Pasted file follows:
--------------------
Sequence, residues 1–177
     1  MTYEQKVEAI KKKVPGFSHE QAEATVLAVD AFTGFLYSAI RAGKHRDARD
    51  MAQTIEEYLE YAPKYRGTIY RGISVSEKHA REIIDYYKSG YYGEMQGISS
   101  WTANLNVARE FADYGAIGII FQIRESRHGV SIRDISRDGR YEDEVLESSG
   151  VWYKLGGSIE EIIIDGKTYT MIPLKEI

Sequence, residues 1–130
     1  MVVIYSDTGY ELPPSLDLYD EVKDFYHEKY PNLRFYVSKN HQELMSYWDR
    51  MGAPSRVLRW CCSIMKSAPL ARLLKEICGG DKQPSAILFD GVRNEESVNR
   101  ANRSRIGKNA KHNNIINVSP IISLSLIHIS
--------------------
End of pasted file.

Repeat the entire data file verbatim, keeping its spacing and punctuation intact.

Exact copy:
Sequence, residues 1–177
     1  MTYEQKVEAI KKKVPGFSHE QAEATVLAVD AFTGFLYSAI RAGKHRDARD
    51  MAQTIEEYLE YAPKYRGTIY RGISVSEKHA REIIDYYKSG YYGEMQGISS
   101  WTANLNVARE FADYGAIGII FQIRESRHGV SIRDISRDGR YEDEVLESSG
   151  VWYKLGGSIE EIIIDGKTYT MIPLKEI

Sequence, residues 1–130
     1  MVVIYSDTGY ELPPSLDLYD EVKDFYHEKY PNLRFYVSKN HQELMSYWDR
    51  MGAPSRVLRW CCSIMKSAPL ARLLKEICGG DKQPSAILFD GVRNEESVNR
   101  ANRSRIGKNA KHNNIINVSP IISLSLIHIS